The next day I took in stride… by waking up late, and eating lukewarm oatmeal out of a plastic bag (I had limited food and no dishware!). So I ended up running out of my dorm and asking the nearest person where the Thomas Paine Center was. It turns out this girl was foreign as well (from New Zealand – I originally thought her accent was somehow British) and had no idea where she was going either. She later became my best friend, and together we discovered many other awesome people. Everyone in England is so nice and friendly! So my homesickness was short lived.

The most culture shock I feel now happens when I grin, become surprised or get frustrated at new things here. Like when I found out they don’t keep eggs refrigerated at the supermarket. They have a whole supermarket called Iceland dedicated solely to frozen things. Buying in bulk, or even bulk items aren’t a thing here, neither are dryer sheets. I have also learned that food here is actually delicious as long as you go for authentic pub food, such as fish and chips (fries), sandwiches, pastys (meat pies) and some sort of beer or ale. Also they rarely ever card you here at pubs, I’ve only been carded once at a pub. When I was carded it was because I was trying to buy butter knives of all things at Tesco’s (a local supermarket chain). I got many school supplies and kitchenware cheap at the Poundland and 99pence stores I saw, similar to our dollar stores. The rest I borrow from my flat mates (roommates).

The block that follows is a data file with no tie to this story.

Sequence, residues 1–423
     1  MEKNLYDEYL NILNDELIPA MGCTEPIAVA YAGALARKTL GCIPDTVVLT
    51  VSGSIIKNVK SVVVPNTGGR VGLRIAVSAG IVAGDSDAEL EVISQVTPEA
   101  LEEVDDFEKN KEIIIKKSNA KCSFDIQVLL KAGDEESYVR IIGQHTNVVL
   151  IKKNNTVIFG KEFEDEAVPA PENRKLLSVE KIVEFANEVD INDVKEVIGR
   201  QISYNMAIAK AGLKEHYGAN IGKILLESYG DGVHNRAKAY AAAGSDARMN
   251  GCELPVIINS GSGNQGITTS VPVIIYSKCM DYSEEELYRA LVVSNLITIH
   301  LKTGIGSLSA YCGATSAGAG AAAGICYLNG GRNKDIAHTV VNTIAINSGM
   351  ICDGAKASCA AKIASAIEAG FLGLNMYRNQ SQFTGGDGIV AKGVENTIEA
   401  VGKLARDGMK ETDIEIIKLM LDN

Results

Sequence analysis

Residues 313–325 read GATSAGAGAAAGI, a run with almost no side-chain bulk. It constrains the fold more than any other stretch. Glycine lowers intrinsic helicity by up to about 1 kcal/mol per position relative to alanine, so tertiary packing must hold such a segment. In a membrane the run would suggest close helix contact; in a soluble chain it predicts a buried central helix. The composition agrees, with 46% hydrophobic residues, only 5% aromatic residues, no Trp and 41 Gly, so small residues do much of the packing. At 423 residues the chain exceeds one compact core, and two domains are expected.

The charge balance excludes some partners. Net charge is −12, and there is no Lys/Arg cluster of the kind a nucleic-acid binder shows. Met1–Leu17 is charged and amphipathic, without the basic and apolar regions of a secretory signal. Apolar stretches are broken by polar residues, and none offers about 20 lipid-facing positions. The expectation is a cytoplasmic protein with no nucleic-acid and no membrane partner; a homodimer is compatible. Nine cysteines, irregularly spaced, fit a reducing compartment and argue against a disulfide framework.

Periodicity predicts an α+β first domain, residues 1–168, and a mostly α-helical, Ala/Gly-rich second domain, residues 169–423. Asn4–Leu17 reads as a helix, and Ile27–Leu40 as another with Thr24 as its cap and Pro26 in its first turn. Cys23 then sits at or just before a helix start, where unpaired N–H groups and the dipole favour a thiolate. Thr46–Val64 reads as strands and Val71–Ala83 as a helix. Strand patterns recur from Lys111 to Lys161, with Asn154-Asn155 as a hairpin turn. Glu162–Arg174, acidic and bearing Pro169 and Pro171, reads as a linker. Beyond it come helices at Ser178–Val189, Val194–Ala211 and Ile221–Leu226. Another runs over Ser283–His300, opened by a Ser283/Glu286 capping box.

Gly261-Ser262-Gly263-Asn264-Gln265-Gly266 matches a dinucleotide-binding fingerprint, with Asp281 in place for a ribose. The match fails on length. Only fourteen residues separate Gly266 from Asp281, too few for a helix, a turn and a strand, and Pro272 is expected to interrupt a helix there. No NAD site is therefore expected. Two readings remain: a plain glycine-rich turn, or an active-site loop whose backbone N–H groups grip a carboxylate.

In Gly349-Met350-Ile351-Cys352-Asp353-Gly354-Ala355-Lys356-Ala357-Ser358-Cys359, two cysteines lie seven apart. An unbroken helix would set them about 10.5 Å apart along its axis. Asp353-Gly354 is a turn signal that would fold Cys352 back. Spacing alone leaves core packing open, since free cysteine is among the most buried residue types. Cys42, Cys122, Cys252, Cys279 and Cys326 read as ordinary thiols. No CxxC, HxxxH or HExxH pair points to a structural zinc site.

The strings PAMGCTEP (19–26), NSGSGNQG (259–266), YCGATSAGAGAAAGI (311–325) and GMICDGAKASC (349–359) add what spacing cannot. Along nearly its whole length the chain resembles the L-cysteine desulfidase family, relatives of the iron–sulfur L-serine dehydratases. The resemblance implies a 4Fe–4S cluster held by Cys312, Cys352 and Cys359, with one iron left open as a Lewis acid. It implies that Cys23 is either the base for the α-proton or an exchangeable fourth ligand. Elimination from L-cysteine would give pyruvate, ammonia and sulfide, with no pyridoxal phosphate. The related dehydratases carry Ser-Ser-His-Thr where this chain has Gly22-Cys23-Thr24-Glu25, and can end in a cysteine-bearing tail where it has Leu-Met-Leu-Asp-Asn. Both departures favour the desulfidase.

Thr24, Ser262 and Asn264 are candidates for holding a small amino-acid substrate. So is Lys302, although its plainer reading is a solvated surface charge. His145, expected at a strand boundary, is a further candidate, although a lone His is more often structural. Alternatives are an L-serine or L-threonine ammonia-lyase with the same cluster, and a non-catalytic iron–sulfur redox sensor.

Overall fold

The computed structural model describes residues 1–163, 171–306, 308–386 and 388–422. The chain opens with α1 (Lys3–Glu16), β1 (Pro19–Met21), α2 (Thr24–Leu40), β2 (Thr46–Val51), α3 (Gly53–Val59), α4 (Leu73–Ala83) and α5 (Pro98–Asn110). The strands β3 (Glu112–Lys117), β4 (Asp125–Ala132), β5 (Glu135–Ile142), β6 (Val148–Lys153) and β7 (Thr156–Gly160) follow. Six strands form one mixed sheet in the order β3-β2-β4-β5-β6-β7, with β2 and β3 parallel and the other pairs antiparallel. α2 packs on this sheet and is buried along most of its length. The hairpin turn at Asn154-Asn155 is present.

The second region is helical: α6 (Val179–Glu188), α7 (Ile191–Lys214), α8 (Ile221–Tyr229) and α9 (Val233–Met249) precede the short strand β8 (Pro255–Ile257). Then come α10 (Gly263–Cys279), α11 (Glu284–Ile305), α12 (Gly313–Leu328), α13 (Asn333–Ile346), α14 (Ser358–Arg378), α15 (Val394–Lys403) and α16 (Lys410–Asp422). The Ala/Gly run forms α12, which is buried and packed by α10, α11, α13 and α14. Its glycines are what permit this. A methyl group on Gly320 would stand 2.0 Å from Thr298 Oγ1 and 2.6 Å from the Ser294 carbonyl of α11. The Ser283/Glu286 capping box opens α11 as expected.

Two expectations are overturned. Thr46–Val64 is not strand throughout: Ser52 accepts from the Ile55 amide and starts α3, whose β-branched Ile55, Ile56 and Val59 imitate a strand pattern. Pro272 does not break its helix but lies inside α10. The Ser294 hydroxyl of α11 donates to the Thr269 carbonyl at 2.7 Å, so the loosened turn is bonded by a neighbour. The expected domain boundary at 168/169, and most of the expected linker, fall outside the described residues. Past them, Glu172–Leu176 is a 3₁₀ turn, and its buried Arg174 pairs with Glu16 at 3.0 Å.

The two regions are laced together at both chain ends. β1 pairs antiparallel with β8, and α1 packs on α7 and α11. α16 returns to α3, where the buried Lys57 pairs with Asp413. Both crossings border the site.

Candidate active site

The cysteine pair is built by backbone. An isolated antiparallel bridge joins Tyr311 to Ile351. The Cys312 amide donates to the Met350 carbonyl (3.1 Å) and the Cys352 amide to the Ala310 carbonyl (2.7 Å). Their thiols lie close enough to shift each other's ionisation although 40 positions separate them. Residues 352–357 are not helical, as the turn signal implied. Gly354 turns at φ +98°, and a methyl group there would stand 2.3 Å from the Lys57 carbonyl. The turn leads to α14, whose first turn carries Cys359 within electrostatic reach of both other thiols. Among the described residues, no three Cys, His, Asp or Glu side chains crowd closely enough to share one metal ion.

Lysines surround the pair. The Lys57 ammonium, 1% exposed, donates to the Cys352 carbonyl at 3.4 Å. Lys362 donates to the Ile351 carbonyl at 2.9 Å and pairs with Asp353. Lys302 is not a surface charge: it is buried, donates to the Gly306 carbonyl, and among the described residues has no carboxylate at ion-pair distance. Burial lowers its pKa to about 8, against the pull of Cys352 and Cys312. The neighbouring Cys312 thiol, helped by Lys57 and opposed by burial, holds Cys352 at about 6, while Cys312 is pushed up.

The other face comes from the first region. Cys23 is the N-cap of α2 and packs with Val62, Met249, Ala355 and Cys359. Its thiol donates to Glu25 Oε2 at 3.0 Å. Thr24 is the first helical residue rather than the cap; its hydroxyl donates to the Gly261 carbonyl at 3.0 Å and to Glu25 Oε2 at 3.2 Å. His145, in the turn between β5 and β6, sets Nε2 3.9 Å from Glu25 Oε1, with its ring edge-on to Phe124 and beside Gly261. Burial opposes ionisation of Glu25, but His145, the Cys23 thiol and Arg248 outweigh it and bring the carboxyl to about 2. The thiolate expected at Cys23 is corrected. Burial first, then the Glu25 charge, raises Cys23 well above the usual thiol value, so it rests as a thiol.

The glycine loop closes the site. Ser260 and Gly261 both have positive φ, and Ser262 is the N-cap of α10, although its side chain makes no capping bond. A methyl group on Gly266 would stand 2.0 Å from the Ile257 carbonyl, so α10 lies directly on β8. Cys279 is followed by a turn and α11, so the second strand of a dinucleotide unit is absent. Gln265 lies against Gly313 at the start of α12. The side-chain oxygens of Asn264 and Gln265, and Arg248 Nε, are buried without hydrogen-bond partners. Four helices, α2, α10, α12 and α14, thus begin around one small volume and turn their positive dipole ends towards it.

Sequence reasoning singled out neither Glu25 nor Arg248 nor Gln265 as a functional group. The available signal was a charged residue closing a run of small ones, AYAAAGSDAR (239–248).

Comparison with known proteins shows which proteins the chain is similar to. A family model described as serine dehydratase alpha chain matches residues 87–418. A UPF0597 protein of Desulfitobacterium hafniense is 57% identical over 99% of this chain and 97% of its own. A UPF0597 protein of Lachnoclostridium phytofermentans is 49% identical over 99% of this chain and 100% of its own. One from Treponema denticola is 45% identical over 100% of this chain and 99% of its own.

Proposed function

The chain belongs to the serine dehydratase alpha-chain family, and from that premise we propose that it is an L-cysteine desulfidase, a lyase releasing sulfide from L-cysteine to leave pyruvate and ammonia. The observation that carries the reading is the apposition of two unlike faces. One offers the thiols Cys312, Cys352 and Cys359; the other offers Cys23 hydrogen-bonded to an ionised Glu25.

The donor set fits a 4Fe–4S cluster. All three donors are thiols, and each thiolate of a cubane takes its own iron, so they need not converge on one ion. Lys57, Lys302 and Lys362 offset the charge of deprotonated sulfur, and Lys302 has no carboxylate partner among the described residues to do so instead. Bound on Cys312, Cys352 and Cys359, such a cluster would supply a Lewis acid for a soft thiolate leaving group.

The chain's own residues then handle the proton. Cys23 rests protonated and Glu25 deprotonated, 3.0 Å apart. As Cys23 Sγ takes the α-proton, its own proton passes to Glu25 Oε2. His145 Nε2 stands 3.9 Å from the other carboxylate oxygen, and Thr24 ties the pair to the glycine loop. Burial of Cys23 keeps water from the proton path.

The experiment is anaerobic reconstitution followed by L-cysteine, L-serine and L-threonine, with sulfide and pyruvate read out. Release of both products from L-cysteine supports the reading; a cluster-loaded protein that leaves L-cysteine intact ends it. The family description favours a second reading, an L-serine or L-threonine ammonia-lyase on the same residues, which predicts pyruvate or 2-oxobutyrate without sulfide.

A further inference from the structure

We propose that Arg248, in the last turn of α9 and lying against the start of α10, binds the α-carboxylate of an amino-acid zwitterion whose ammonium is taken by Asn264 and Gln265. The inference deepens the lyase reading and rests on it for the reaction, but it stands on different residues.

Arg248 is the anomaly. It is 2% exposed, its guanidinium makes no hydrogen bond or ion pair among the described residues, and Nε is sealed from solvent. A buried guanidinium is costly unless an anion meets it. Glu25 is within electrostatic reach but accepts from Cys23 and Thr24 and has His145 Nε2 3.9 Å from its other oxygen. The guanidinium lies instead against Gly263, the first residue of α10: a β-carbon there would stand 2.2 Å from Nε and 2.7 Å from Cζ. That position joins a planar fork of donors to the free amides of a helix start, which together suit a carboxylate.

UEA in Norwich is actually pretty similar to UMass in Amherst. They are both thriving college towns with beautiful city centers, they have large student populations, and they both have a lot of concrete buildings. The only thing I really miss is the buffet style Dining Commons at UMass. Everyone cooks their own food or orders in here which is fun but annoying at the same time when I don’t feel like cooking food. My cooking skills have improved greatly because of this though.

The academics here are very different than UMass’. Many of my classes are taught by multiple professors, a new one each week. They also don’t have GPA’s here, it’s either 1 (which is best), 1:2 (second best), 2:2 (third best?) and I don’t even know, something not good. I’m still confused by the grading system. Apparently getting a 60 here is our equivalent of getting a B in school, something which I still haven’t wrapped my mind around and probably won’t until I get my first papers back. Speaking of which, students only have an average of two graded assignments for the whole entire semester. So my grade is riding on two essays for each class, it’s a little daunting, dare I say I almost miss the extra work at UMass?

And then we only have 11 weeks of class, so I’m already almost done (we started class the first full week of January) and then we have almost all of April off for Easter vacation, then we have May and one week in June to take finals (if you even have any). I only have one final, so I will have one day out of five weeks taking an exam, then the rest apparently people spend traveling.

I plan to do a lot of traveling; I’ve already been to London, Cambridge and Cromer (a beach town). I plan to go to Oxford, Manchester, Leeds, Amsterdam at the end of February, Edinburgh, Paris, all of Italy in April (kind of like a grand tour all by myself from Venice down to Rome), Germany, Vienna and Prague. And by then it’ll be time for me to come back to the States on June 6th. For now though, I welcome you guys to join me on my crazy journey as an American abroad in Europe.

Vincenza Parella can be reached via email at [email protected]